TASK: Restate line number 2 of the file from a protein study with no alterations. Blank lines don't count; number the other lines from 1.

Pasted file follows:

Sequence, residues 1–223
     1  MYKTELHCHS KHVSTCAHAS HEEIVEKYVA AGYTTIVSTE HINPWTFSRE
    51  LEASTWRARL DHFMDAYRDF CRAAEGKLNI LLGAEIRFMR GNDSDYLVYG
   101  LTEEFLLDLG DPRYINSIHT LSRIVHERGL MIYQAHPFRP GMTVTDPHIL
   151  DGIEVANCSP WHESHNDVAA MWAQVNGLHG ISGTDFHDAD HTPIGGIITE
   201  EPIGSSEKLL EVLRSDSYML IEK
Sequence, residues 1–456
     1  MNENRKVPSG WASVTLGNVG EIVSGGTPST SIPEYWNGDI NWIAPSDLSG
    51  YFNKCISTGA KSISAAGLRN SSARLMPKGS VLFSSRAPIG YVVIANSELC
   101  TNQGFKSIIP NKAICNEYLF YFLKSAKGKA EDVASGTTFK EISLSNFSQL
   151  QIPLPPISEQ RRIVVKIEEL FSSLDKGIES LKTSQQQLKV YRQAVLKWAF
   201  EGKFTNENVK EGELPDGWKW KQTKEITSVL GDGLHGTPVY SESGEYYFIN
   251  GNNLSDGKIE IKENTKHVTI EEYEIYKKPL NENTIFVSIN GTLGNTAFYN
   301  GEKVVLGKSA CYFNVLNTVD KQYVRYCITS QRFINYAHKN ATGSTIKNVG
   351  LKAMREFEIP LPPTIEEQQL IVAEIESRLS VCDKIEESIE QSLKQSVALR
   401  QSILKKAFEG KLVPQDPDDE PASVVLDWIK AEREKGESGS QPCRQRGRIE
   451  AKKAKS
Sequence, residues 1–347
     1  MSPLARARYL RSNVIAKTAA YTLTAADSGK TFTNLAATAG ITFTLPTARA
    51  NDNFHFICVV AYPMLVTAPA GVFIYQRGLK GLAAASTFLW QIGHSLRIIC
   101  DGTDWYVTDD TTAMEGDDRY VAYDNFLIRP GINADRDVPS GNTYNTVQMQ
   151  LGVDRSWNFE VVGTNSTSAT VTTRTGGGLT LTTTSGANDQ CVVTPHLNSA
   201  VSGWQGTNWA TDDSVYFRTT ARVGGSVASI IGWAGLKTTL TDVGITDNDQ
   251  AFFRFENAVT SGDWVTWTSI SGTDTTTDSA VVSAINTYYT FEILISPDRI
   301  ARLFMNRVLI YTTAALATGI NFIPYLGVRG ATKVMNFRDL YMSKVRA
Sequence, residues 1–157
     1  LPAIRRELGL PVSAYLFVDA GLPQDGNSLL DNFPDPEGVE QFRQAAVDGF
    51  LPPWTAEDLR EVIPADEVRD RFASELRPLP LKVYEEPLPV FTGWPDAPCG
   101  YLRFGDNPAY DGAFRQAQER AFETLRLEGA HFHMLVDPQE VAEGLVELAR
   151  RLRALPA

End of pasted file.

     1  MYKTELHCHS KHVSTCAHAS HEEIVEKYVA AGYTTIVSTE HINPWTFSRE